In Stereo is about a dude, David (Micah Hauptman), who’s on the verge of breaking out as a hip NYC photographer. Not that success would appear to change much in this case, as David’s life is already defined as an existence marked by trendy lofts, fresh homemade espresso, and models half his age whom he resents because they fail to properly value his inchoate angst. He’s one of those guys, exhaustingly common to American romantic dramas, who’re so concerned with people getting them that they don’t recognize the truth: that there doesn’t appear to be much to understand. He’s a Teflon man attempting to suffer in a fashion that corresponds with pop culture’s myth of the tormented artist—a good subject for a film, if any of these privileged New Yorker-centric dramedies were aware of that essential, hypocritically self-aggrandizing disconnect from reality. But In Stereo is just another fantasy of living only the good portions of the life of an artist. It suggests a rising filmmaker’s hopeful prognosis of what his life might look like if things shake out according to plan.
Some critics so routinely throw white-people movies under the bus that a clarification should be issued: There’s nothing wrong with making a film about a wealthy or might-as-well-be-rich white guy with no inherent problems. There’s not even anything wrong with such a film about such a guy who doesn’t know he’s without problems. The trouble springs from a filmmaker’s refusal to dive below stock situations, and from the impression that they’re obviously using “artist” occupations as an excuse to evade dramatizing actual work and struggle. David goes to a shrink and prattles on in a manner befitting someone pushing 40 who’s remained unmarried. He clearly thinks he’s too much of an iconoclast for marriage, which, in the tradition of most people real or fictional, is simply defensive posturing. Most of us, even artist-types, though we may be terrified of admitting it, are terribly conventional at our core—easily influenced, susceptible, like mushrooms, to the figurative seasoning of our given society. Not that you’ll find any such exploration in In Stereo. Director Mel Rodriguez III thinks he’s done enough to allow David his stereotypical, almost embarrassingly boring venting.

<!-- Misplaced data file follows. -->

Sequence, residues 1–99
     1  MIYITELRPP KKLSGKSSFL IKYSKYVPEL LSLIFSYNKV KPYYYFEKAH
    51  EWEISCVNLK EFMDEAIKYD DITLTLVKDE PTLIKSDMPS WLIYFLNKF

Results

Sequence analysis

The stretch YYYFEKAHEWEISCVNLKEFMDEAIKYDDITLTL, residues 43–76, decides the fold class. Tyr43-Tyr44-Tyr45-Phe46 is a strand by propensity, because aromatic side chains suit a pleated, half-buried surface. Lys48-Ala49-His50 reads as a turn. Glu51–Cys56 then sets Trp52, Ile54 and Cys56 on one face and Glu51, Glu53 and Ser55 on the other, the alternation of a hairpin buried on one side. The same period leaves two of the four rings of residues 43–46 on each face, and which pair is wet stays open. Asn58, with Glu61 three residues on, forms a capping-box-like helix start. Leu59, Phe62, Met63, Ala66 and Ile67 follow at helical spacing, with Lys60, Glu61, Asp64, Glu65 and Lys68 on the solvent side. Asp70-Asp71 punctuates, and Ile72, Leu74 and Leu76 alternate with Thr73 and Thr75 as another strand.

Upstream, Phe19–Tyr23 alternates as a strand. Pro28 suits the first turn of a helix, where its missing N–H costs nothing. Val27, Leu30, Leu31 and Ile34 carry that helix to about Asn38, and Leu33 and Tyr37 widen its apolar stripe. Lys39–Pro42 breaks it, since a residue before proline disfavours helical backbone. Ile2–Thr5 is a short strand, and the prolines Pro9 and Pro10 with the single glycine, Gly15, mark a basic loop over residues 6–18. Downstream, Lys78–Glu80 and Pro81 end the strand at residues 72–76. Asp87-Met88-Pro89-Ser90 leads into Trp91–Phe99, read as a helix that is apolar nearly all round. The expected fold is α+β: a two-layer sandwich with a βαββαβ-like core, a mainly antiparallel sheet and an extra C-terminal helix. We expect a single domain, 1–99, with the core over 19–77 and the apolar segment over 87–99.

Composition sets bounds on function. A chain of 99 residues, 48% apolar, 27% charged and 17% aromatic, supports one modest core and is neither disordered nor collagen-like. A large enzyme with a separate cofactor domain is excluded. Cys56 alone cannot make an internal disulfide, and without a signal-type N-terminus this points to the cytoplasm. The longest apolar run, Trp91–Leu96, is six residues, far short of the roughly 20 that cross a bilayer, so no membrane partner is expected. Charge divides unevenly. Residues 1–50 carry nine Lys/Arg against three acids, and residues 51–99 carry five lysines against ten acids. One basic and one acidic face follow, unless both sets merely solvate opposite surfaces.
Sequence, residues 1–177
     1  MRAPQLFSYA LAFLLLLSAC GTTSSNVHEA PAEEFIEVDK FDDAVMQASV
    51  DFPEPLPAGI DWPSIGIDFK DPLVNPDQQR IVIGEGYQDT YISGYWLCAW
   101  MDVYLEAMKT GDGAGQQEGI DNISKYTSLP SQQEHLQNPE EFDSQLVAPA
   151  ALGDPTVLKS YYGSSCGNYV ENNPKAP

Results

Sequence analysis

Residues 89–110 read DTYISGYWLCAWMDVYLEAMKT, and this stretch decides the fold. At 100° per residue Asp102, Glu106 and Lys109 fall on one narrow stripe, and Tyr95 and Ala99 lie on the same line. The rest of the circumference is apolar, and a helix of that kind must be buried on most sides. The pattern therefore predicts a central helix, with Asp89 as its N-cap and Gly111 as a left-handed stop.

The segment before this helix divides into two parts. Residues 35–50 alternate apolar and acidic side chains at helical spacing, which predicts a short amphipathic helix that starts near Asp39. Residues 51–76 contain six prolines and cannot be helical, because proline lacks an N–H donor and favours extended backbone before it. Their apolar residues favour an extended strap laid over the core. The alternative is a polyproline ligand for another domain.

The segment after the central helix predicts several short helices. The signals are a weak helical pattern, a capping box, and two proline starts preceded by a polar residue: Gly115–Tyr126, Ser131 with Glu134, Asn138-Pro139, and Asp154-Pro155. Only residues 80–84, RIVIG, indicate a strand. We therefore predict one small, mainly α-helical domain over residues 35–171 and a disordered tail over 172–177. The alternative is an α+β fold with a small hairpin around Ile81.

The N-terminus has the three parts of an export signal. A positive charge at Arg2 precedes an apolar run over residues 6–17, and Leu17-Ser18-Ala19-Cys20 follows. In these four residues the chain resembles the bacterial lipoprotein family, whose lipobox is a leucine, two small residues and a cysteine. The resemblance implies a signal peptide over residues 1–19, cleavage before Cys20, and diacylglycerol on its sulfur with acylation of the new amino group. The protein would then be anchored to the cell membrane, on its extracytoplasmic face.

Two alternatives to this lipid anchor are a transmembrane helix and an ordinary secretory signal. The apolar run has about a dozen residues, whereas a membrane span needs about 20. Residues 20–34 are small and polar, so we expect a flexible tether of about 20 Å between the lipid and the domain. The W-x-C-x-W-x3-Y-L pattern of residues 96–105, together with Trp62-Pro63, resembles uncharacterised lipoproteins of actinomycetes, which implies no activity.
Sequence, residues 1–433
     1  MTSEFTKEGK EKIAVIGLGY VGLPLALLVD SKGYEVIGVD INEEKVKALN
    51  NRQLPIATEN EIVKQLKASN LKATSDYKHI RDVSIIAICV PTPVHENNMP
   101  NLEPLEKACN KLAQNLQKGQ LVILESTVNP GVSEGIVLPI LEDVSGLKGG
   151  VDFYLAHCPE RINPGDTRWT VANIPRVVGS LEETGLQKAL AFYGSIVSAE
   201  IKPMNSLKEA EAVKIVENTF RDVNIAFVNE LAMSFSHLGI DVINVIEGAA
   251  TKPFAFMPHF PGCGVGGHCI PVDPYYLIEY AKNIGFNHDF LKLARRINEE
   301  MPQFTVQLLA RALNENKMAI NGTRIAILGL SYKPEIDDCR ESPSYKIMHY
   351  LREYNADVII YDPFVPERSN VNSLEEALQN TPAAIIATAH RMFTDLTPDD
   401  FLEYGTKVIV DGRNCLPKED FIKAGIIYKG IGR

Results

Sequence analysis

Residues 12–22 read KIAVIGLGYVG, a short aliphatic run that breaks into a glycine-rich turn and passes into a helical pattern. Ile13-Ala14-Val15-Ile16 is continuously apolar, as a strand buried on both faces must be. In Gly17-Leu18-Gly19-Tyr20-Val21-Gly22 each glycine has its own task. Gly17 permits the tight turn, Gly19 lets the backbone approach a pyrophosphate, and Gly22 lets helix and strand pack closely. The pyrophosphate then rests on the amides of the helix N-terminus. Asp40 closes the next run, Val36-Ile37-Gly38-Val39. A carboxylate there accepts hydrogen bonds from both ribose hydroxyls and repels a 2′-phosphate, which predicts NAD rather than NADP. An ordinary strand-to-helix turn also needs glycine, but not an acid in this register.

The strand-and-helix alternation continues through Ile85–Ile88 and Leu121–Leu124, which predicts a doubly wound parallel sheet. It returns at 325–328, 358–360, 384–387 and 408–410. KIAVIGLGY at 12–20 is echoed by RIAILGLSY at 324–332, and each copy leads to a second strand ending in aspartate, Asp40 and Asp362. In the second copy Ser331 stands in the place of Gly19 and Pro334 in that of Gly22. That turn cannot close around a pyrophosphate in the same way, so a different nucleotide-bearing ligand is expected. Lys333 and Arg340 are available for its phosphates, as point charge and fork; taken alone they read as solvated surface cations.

That said, the film starts to come to life just when you’ve written it off as the second coming of Eric Shaeffer’s cinema. Brenda (Beau Garrett), the beautiful actress (natch) whom David once dated and clearly still pines for (his present, requisitely superficial young beauty resembles her), is refreshingly as unappealing as he is. Refreshing because the woman is normally a font of unchallenging “wisdom” in these sorts of movies. Brenda’s callousness, though eventually sentimentalized as it must be, informs In Stereo with an unexpected comedic pulse: The film develops a sense of authorial perspective before your eyes, watching as these self-absorbed billiard balls bounce off one another.
And dark little vignettes emerge and drift off barely dramatized into the background, lending the narrative an impression of submerged danger. Characters who aren’t allowed to amount to much appear to be more compelling than the leads, particularly David’s childhood friend, Chris (Kieran Campion), an actual rich dude who hates himself, slipping into a thing with David’s girlfriend. In just a few scenes, Campion sketches in an eerie portrait of disconnection, his angular visage hauntingly reminiscent of Willem Dafoe’s. This actor occasionally allows one to forget that they’re watching yet another remarriage fable dressed up as a daydream of rogue adult anguish.